We’re beginning to see the outlines of South Korea’s response to the sinking of Cheonan:
President Lee Myung-bak said on Monday that South Korea would drastically reduce trade with North Korea, restrict North Korean merchant ship use of South Korean sea lanes and call on the United Nations Security Council to punish the North for what he called the deliberate sinking a South Korean warship two months ago…
Cutting off trade with North Korea is probably the strongest unilateral action the South can take against the impoverished North. South Korea imports $230 million worth of seafood and other products from the North a year. North Korea earns $50 million a year making clothes and carrying out other business deals with South Korean companies.
Mr. Lee also said that South Korea would block North Korean merchant ships from using South Korean waters off the southern coast. That would force the ships to detour and use more fuel.
South Korea has also agreed to a major anti-submarine exercise with the United States, more extensive naval coordination with the PSI (Proliferation Security Initiative), and resumption of propaganda broadcasts from loudspeakers in the DMZ. North Korea, for its part, has threatened to start breaking (more of) South Korea’s stuff:
North Korea threatened to fire at South Korean loudspeakers along the Demilitarized Zone (DMZ) and destroy them, Monday, if Seoul resumes propaganda broadcasting suspended since 2004.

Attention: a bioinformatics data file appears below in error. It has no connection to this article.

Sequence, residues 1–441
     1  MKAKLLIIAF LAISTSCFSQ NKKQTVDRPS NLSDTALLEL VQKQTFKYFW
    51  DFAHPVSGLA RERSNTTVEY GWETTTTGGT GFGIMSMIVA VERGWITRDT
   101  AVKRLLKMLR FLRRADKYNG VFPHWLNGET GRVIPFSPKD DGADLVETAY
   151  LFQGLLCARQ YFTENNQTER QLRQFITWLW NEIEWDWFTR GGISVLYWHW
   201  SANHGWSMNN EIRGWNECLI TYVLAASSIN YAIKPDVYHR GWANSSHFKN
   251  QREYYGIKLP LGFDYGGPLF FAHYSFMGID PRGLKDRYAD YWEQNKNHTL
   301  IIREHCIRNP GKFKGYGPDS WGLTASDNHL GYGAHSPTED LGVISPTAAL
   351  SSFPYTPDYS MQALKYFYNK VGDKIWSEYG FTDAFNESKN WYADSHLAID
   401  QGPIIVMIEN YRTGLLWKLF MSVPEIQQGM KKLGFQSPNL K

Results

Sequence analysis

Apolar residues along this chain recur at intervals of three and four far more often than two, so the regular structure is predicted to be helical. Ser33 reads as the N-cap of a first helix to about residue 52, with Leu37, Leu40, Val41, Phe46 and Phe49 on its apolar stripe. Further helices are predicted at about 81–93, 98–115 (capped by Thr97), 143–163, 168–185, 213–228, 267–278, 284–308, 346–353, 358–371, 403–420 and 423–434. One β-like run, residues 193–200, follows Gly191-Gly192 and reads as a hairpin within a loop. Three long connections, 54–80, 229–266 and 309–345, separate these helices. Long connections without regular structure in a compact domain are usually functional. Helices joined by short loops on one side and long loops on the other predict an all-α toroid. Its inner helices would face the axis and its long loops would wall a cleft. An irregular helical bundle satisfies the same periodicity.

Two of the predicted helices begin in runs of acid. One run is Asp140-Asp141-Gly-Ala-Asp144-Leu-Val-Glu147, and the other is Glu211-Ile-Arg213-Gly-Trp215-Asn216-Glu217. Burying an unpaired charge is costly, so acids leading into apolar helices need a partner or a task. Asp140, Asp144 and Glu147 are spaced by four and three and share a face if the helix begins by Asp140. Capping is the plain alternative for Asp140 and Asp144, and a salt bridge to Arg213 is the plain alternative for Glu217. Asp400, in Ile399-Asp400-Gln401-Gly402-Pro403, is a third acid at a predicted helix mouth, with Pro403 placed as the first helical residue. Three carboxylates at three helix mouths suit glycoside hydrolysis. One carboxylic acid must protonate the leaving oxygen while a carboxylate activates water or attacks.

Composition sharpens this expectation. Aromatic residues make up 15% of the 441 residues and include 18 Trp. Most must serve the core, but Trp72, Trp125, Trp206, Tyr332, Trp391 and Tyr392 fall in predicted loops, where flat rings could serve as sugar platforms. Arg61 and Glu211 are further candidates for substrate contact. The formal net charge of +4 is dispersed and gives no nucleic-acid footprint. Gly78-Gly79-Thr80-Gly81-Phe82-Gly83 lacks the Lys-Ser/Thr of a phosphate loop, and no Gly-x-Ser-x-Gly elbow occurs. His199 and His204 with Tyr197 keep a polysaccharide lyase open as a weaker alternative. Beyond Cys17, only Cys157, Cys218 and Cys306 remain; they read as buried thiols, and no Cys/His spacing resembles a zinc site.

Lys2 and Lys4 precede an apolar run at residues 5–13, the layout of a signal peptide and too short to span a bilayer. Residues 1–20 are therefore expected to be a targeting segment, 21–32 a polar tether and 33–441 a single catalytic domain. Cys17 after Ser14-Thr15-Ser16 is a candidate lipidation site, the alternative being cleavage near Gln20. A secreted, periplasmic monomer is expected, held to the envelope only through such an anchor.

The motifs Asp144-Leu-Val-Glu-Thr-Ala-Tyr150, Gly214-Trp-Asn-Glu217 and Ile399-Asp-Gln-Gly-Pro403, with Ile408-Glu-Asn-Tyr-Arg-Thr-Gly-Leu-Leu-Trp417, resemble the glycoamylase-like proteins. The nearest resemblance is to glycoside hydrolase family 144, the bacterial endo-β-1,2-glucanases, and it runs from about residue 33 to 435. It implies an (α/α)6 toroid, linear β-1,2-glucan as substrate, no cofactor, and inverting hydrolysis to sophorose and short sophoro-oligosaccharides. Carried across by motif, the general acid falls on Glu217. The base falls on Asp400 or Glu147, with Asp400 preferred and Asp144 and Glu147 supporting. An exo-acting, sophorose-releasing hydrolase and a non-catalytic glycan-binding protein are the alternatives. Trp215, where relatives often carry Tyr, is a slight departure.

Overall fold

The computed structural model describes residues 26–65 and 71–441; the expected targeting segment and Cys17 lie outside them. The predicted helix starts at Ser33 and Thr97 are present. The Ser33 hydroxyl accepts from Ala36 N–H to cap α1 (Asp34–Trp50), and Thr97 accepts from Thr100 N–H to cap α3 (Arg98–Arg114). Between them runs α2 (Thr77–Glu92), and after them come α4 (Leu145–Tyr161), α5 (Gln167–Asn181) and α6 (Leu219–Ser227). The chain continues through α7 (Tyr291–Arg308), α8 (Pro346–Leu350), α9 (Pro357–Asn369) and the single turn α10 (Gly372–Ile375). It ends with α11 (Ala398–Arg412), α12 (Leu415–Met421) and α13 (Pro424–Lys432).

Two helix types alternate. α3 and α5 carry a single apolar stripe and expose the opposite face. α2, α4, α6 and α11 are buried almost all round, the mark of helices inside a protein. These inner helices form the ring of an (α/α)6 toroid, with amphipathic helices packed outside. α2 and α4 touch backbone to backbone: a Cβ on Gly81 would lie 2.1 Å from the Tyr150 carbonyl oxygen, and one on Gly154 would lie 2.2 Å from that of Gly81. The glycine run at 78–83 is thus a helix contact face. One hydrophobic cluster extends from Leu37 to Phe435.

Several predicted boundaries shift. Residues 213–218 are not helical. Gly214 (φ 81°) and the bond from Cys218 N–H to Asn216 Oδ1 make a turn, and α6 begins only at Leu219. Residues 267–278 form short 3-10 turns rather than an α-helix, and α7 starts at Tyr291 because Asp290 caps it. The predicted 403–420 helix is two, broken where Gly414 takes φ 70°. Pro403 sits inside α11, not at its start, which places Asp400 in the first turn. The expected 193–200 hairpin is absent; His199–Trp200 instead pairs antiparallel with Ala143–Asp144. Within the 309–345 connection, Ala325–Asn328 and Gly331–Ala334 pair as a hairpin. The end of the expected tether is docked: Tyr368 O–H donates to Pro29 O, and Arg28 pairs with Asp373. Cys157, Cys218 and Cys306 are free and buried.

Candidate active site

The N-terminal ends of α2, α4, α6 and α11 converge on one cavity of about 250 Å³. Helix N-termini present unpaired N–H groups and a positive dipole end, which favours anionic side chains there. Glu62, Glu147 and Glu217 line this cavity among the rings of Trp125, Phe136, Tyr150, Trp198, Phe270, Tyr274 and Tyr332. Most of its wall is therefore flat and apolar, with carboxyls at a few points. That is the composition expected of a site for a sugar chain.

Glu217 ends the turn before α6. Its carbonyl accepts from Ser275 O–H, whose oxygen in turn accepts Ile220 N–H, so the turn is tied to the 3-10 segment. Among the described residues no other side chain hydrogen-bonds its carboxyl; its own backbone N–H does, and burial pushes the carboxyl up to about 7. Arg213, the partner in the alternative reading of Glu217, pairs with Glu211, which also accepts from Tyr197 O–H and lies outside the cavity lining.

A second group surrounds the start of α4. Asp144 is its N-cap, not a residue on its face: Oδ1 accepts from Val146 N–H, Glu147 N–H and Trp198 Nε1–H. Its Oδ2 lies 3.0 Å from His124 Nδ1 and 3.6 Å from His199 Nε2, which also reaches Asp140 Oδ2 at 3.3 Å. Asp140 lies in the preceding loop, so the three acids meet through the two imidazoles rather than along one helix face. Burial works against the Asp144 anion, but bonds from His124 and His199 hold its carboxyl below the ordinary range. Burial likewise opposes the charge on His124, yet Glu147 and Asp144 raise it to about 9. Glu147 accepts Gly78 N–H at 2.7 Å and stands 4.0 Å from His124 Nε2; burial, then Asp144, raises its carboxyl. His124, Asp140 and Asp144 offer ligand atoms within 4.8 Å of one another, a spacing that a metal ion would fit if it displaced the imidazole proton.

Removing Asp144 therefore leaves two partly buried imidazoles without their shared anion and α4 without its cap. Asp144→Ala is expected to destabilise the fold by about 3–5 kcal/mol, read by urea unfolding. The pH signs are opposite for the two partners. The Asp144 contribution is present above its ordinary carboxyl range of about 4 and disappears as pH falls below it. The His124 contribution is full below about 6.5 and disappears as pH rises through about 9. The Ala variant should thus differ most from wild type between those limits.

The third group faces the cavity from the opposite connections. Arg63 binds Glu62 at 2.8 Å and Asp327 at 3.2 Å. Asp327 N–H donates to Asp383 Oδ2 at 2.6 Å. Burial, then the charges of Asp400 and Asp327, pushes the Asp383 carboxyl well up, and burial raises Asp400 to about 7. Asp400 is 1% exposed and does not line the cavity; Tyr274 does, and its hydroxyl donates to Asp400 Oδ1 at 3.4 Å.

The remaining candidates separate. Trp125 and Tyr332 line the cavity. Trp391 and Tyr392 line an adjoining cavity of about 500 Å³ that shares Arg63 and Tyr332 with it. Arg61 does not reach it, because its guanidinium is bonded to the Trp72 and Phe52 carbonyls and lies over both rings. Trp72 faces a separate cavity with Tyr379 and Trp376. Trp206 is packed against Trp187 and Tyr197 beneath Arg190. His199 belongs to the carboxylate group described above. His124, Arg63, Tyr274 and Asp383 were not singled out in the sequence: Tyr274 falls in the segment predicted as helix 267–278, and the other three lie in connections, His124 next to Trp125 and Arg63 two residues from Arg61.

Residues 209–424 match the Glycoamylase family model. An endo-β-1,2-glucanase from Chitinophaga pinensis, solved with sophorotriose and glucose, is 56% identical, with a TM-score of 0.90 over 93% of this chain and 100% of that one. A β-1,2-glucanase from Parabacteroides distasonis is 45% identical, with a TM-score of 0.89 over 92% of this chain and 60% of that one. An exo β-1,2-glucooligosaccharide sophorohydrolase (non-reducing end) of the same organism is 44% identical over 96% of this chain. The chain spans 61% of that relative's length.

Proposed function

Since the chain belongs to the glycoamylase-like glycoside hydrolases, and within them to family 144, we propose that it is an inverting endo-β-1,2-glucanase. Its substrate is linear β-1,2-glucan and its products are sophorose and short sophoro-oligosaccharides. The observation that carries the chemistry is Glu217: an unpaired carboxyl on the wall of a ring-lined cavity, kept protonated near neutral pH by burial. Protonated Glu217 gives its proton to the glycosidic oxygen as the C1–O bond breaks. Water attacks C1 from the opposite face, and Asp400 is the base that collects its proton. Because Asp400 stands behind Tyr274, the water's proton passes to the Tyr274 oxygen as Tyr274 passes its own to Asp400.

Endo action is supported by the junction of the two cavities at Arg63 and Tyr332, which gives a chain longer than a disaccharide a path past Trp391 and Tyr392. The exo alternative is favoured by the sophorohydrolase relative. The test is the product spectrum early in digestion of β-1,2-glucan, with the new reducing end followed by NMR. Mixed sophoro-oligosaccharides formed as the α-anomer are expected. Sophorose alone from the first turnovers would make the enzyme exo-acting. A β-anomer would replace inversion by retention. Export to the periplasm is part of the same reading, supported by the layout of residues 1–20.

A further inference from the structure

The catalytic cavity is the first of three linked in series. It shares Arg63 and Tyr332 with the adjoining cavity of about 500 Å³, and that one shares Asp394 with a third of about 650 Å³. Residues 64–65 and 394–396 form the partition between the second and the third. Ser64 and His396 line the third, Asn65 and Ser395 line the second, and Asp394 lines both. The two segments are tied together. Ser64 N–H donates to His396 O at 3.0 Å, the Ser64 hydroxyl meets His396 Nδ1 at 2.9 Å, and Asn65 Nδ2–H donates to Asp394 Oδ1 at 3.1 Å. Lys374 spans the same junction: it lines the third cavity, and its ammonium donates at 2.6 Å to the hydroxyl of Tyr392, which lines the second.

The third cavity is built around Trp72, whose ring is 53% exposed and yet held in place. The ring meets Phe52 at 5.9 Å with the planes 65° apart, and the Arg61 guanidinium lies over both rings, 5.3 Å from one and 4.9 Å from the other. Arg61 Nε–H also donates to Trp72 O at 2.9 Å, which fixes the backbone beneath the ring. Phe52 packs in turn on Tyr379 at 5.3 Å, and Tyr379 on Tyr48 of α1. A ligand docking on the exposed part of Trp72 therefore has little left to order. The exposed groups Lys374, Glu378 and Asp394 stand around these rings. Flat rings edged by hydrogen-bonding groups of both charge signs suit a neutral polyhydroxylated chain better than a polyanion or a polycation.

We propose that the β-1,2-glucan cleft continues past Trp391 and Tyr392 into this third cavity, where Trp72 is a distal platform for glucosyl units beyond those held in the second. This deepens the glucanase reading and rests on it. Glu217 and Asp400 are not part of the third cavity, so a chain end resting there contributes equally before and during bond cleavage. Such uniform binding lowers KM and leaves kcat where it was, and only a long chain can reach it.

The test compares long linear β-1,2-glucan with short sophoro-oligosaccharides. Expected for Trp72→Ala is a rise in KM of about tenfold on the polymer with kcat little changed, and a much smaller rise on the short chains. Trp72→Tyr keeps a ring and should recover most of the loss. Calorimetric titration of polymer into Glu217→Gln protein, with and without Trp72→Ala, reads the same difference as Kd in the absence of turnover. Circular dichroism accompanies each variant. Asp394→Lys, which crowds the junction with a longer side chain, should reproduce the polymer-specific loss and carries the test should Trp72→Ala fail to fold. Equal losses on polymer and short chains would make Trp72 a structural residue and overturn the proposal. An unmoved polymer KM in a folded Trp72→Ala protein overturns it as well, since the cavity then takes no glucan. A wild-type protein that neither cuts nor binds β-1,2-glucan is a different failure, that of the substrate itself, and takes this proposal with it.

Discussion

“If South Korea installs new speakers for psychological warfare, we will directly aim at them and open fire to destroy them,” an unnamed North Korean military commander said in a statement, carried by Pyongyang’s official Korean Central News Agency.
While on the topic, allow me to say that I’m less than impressed with this David Sanger article. Key graf:
A new American intelligence analysis of a deadly torpedo attack on a South Korean warship concludes that Kim Jong-il, the ailing leader of North Korea, must have authorized the torpedo assault, according to senior American officials who cautioned that the assessment was based on their sense of the political dynamics there rather than hard evidence.
The officials said they were increasingly convinced that Mr. Kim ordered the sinking of the ship, the Cheonan, to help secure the succession of his youngest son.
“We can’t say it is established fact,” said one senior American official who was involved in the highly classified assessment, based on information collected by many of the country’s 16 intelligence agencies. “But there is very little doubt, based on what we know about the current state of the North Korean leadership and the military.”
Well…. that’s pretty authoritative. The crucial bit of evidence seems to be that Dear Leader visited and decorated the leader of the unit that’s suspected in the attack. Call me a raging skeptic, but that seems somewhat less than conclusive. I suspect that Kim Jong-Il did push the button; CoGs tend to be responsible for this thing more often than not. However, I also wouldn’t be stunned if the order came from a lower level commander, or one of the various brokers jockeying for position in anticipation of Kim’s death. If there’s a single problem that has bedeviled US intelligence in the last sixty years, it’s the difficulty in understanding the internal operation of authoritarian regimes. Even when we have a relative wealth of information (Kremlinology, for example) we still manage to make large errors. In this case, the officials that Sanger quotes don’t really seem to have any evidence worth noting.